Matt Atlas

Ukraine, energy, and supply chains in focus as Czech government unveils five priorities for upcoming EU presidency

The Czech government has revealed its priorities for the country’s next presidency of the EU Council, which will span from July 1 to December 31, this year. Managing the refugee problem caused by Ukraine’s war, as well as assisting in the country’s reconstruction, would be priority priorities, along with preserving Europe’s energy security and increasing defense capabilities.

Prime Minister Petr Fiala described the next Czech EU presidency as a “test of maturity” for the country as it accepts the role of chairing talks between representatives of the EU’s 27 member states.

“It will not be an easy test. Europe and the world as a whole are going through a period of major change because of Russia’s aggression. This has shaken many of the foundations that we previously held for granted. It certainly revealed the weaknesses of Europe’s security architecture which we will also have to develop, not as bystanders but as active participants.

“Russia’s aggression against Ukraine has also caused the largest internal European refugee wave since the end of the Second World War and it is our duty to manage this crisis honorably.”

Managing the implications of Russia’s aggression against Ukraine is undoubtedly at the centre of the Czech presidency preparations, with either Ukraine or Russia listed in all five priorities identified by the government.

The first is the management of the refugee situation and the planning of Ukraine’s post-war reconstruction. This includes mobilizing EU funding to assist member states hardest hit by the refugee crisis, as well as ensuring that Europe works together to successfully integrate the large number of persons obliged to seek asylum in the EU.

This includes ensuring that refugee children have access to school and care, which the government hopes will also assist Ukrainian women in accessing Europe’s labor market. While it is impossible to forecast when the fighting in Ukraine will finish, the administration aims to at least begin a discussion about how the EU can assist Ukraine in rebuilding its infrastructure and economy.

Another issue that the Czech Republic will want to bring to the forefront of EU Council meetings is energy security, which has been cruelly exposed to Europe in recent months. Before the EU’s goal to decarbonize can be completely implemented, the main focus will be on successfully weaning the union off of Russian energy supplies and finding short-term alternatives.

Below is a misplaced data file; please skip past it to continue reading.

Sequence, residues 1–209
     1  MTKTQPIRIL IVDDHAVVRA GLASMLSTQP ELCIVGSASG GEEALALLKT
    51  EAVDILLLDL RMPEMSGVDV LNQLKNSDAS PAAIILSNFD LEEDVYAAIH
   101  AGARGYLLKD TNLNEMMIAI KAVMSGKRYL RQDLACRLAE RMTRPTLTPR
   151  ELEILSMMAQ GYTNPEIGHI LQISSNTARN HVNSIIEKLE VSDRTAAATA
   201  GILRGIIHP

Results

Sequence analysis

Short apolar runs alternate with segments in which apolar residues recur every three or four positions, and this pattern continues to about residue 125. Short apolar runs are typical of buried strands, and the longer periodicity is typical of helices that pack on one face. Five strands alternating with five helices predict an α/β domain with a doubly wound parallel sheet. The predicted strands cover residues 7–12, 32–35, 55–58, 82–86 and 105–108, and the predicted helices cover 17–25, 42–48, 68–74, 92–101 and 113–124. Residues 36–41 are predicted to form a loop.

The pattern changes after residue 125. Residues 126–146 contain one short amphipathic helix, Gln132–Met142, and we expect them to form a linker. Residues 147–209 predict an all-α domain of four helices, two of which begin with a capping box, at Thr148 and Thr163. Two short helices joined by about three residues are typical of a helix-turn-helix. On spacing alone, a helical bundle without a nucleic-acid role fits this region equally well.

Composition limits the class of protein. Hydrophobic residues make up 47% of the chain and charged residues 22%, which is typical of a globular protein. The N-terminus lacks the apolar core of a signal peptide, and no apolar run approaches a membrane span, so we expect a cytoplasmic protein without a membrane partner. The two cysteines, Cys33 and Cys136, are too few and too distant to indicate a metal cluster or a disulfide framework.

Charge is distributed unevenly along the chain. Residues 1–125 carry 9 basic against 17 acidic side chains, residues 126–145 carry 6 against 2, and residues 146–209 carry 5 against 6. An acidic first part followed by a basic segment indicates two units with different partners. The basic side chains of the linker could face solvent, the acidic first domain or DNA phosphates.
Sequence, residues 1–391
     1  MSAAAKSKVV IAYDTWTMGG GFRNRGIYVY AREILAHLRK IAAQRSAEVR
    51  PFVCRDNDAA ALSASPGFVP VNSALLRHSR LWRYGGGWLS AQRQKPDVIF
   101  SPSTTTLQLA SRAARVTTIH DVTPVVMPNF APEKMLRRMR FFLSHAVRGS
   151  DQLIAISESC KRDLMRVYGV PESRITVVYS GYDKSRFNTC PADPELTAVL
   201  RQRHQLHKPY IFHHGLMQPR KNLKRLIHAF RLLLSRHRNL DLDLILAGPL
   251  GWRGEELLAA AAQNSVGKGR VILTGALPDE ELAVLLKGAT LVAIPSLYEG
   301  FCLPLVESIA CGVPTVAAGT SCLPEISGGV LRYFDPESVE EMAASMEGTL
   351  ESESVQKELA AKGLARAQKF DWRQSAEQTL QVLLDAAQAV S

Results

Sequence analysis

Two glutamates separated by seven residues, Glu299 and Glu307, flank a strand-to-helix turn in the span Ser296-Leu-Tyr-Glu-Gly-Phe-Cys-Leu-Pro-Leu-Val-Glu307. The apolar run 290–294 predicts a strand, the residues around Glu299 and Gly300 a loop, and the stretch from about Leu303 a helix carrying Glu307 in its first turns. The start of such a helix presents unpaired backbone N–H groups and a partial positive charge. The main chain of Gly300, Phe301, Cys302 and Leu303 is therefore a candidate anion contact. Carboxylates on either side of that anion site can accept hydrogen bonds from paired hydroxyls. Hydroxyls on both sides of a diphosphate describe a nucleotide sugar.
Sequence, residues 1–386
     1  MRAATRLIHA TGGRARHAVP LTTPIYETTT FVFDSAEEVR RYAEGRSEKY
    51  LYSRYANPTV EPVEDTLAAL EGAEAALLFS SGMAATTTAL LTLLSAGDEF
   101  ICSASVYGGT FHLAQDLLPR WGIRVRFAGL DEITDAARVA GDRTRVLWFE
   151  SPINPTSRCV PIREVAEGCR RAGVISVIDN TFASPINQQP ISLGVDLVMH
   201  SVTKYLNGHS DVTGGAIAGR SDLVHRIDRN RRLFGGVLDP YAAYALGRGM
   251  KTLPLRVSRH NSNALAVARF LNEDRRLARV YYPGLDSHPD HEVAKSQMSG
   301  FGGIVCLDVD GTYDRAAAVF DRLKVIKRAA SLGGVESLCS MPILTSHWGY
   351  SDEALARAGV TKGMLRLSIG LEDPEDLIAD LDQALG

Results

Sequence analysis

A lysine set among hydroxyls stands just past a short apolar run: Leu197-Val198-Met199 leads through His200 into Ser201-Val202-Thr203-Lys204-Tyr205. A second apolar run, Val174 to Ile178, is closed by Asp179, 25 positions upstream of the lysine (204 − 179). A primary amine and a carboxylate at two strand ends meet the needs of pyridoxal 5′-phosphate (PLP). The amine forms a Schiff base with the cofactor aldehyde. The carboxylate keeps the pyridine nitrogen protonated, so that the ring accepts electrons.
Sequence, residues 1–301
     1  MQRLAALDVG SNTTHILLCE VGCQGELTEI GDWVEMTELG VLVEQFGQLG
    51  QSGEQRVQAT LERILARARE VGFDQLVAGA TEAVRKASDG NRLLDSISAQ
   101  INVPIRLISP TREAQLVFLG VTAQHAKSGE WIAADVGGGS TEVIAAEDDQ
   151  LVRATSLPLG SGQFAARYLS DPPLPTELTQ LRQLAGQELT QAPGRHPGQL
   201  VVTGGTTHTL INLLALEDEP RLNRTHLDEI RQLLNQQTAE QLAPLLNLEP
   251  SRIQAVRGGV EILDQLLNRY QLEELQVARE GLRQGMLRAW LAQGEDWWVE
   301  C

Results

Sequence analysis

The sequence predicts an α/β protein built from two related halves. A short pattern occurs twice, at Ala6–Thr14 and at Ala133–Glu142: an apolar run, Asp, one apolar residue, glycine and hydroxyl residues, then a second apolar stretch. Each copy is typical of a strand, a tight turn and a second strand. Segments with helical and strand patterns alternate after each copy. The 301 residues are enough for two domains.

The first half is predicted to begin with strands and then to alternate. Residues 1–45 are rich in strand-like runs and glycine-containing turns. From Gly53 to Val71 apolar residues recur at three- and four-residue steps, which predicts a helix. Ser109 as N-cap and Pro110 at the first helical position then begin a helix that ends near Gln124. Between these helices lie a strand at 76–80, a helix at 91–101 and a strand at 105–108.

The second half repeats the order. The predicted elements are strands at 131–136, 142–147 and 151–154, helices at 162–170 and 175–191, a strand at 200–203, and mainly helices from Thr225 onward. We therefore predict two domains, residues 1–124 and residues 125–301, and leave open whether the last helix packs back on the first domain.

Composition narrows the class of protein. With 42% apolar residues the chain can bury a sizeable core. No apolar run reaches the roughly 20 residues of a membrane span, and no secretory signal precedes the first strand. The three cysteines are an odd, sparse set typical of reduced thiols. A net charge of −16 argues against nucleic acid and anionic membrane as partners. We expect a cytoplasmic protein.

Strengthening Europe’s defence capacities is the third priority on Czechia’s to-do list. NATO is identified as a key partner in this area with the cyber and space domains seen as important factors in ensuring Europe’s communications systems remain safe. Closer cooperation in developing strategic military systems and the support of key technologies are also mentioned as targets.

Amid the sharp ongoing rise in inflation, market unpredictability, and the vulnerability of global supply chains, the Czech presidency will also focus on making Europe more strategically resilient when it comes to its economy. In this effort, the Czech government seeks to promote closer trade ties with democratic states around the world and better technological competitiveness rather than going in the direction of a strategically autonomous Europe.

Office of Czech Government

The government has also named the endurance of democratic institutions as its fifth and final priority.

Internally, this includes a focus on transparent political party financing, an independent media ecosystem, and open discourse. Meanwhile, Europe’s human rights and democracy action plan will be advocated abroad.